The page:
Mulch Fungus: Why it Forms and How to Deal with It.

Slime mold Dog Vomit (Fuligo septica) on shreds of woodIt’s gross. It’s ugly. It’s ruining your beautiful landscape. And no, it’s not the neighbor’s Pekingese.

It’s mulch fungus—an unattractive and unwelcome sight for many homeowners this spring. Known colloquially as “slime mold” and “dog vomit” due to its lumpy, often brightly colored appearance, mulch fungus can strike just about anywhere you spread mulch, and it’s common to Indiana.

The formation of mulch fungus happens in damp conditions as bacteria starts to feed on mulch. This is a microscopic process, but once fungi can feed on bacteria, they grow and create spores that eventually turn into clearly visible patches. While these patches are often yellow, they can be black, brown, white, orange, or even bright pink in certain cases.

Luckily, mulch fungus is not a serious problem. It poses little threat to plants since it feeds on bacteria, and it’s usually limited to small areas of your landscape. But it’s quite unsightly—and if you see it pop up in your mulch beds, you should get rid of it. It’s safe to touch, but you’ll probably want to get a shovel to dig it out. Make sure you scoop a few inches around the patch to eliminate unseen spores which can lead to a recurrence. Discard the fungus in a compost pile or in the trash—just make sure it’s far away from any mulch as spores can easily travel through the air.

Preventing mulch fungus is tricky, especially during wet spring months. But your best chance is to make sure your beds aren’t overwatered, and to water as closely to plant roots as possible. Letting a sprinkler water your entire flower bed all day creates an ideal environment for mulch fungus, so it’s better to use a hose or watering can to water plants individually when possible.

Another helpful tip is to give plants a significant watering once or twice per week (depending on precipitation) instead of watering them every day. A heavy watering will penetrate through mulch and get to roots more easily, while a light watering leaves much of the moisture stuck in the mulch—a perfect environment for mulch fungus. You might also want to rake your mulch at least a couple of times a month—especially during periods of heavy rain—to break apart fungus colonies.

If you’re having trouble with mulch fungus this year—or just need help improving your landscape with lighting, hardscaping, or beautiful plants—our team at Engledow would love to help. Contact us today to see what we can do for you.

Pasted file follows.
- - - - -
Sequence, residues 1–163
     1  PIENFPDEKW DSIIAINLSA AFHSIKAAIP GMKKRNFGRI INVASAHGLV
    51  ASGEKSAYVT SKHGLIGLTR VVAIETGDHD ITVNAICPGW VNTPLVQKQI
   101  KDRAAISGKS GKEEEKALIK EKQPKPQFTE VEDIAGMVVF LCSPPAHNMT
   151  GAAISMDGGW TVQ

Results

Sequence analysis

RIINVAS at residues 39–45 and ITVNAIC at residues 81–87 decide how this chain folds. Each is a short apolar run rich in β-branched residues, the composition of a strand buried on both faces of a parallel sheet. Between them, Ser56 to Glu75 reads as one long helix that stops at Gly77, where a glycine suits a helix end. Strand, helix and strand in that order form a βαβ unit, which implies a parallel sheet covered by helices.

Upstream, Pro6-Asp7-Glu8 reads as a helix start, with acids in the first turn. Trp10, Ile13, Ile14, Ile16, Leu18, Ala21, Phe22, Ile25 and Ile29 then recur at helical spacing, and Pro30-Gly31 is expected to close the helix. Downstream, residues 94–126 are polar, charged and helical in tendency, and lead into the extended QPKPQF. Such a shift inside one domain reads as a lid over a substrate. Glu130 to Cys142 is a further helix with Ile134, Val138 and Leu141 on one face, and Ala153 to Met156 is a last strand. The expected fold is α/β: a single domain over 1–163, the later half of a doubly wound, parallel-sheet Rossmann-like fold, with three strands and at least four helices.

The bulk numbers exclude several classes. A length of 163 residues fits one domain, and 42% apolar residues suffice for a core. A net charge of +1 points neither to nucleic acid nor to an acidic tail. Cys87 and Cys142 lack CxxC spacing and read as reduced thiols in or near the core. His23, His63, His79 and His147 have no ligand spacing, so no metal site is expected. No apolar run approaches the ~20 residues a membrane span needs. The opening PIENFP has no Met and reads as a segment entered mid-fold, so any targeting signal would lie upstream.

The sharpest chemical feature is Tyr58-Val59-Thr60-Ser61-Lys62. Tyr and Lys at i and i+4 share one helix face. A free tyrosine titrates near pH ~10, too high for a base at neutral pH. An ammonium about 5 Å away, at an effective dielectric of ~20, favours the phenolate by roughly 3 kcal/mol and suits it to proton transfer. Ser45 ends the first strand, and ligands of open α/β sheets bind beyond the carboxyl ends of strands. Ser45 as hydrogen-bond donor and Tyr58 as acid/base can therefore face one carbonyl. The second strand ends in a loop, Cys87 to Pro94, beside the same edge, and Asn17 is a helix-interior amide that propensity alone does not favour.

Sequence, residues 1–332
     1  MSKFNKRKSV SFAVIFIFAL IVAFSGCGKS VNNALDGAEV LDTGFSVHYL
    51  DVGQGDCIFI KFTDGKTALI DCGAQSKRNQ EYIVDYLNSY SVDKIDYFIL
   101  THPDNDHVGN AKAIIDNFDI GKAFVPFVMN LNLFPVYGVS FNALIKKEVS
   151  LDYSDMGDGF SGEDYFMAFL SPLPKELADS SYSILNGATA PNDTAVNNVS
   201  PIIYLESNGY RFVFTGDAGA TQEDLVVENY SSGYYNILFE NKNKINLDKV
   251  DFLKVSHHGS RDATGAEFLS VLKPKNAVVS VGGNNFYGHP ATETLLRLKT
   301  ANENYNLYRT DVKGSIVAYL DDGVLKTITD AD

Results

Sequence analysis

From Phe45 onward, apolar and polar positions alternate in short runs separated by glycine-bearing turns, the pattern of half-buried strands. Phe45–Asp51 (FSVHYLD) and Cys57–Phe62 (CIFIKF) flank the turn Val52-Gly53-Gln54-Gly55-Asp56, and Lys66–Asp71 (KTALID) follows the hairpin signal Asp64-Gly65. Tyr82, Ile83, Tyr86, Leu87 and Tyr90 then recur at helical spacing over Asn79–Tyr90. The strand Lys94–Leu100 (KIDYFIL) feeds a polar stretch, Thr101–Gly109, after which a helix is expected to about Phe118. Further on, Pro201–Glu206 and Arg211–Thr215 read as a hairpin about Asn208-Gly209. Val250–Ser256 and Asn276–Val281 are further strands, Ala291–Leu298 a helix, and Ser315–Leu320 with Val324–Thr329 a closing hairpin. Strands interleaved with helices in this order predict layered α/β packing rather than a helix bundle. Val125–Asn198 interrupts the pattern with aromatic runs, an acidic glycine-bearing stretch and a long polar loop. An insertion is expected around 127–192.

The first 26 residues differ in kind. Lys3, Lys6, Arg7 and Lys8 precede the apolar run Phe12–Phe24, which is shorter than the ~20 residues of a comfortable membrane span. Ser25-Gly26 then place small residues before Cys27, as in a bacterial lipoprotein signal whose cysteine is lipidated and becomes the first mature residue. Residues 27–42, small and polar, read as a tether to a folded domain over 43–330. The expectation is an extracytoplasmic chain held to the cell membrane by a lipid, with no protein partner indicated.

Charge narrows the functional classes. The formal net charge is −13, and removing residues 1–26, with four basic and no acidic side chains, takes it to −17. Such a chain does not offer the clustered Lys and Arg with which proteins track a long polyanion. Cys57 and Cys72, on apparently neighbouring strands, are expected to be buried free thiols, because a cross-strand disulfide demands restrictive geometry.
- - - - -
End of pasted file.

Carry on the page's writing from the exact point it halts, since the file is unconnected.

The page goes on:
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20 thoughts on “Mulch Fungus: Why it Forms and How to Deal with It.

  1. Thanks I was grossed out to see this, and glad it won’t harm my new bed. It is really ugly , yellow cream , dark brown, what a variety of colors.
    Again thank you

  2. Does mulch fungus get real hard almost like cement and very heavy?
    If not do you know what we have growing in a mulchy dirt area ?

    • Yes, over time it can get very hard like cement. Remove the fungus, along with a small area around it, in order to prevent it from spreading.

  3. Can it harm humans when discarding it? I cleaned some up today and wore gloves.
    But when I threw it in trash there were dust clouds.

    • The “dust” was simply the spores of the plant. It shouldn’t harm you, especially if you were wearing gloves.

    • Unfortunatly not. The easiest way to limit it is to remove it, thus removing the spores and potential for spread.

  4. I’ve just noticed this to pop up over the last week or so as I’ve noticed that my sensor on my Hunter Sprinkler unit wasn’t functioning properly. My system had been watering the grass after we’ve had downpours, so it’s apparent that my mulch beds had been overwatered.

    • We are unsure about its affect on dogs. To be safe, we would recommend removing it quickly to avoid potential exposure.

    • It is in the spores. Like all fungus, this type launches its very, very tiny spores out into the air with the hopes that some of them will survive. This is why it spreads so easily and is tough to keep under control.

  5. When I sprayed with the water hose, it form a brown fine dense cloud, dust like. iIs it dangerous to breath that dust? Also spread everywhere !

    • Those were the spores of the fungus. While I am unsure about breathing them in, I am sure that the human body will no be too negatively affected by the spores.

  6. This stuff is nasty. Looks like and has the texture of mustard mixed w/ mayo. I see it growing on the base of my trees. Will it harm them?

  7. Thank you! It was amazing getting to know if it was safe to touch and what it was! I was terrified when I saw it under my mint 🌱 plants! We Live in Arizona, never saw anything like this before, thank you.

  8. thanks for the great information,I was going to dig my mulch all up and not put any more down, but it does keep the weeds for filling in so fast.

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